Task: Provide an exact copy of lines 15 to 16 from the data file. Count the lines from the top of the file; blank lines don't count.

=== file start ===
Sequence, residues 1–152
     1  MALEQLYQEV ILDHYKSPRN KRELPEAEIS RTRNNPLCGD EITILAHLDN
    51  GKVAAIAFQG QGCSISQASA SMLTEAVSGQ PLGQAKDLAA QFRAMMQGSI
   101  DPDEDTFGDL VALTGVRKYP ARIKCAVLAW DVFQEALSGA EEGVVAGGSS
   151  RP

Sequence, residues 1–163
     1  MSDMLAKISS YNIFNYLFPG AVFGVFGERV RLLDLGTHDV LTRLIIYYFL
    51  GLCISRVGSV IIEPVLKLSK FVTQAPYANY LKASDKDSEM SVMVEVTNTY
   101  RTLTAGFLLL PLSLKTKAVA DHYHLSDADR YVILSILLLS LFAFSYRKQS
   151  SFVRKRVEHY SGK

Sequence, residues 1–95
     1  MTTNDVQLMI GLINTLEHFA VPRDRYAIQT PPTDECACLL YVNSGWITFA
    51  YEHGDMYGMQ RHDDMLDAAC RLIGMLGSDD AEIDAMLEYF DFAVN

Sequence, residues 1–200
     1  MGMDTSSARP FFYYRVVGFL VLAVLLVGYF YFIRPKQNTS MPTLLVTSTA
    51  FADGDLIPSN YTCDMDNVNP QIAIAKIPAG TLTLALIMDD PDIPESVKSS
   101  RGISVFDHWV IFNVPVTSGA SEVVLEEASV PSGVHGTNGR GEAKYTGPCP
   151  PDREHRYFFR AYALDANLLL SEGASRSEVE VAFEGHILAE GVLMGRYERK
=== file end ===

     1  MGMDTSSARP FFYYRVVGFL VLAVLLVGYF YFIRPKQNTS MPTLLVTSTA
    51  FADGDLIPSN YTCDMDNVNP QIAIAKIPAG TLTLALIMDD PDIPESVKSS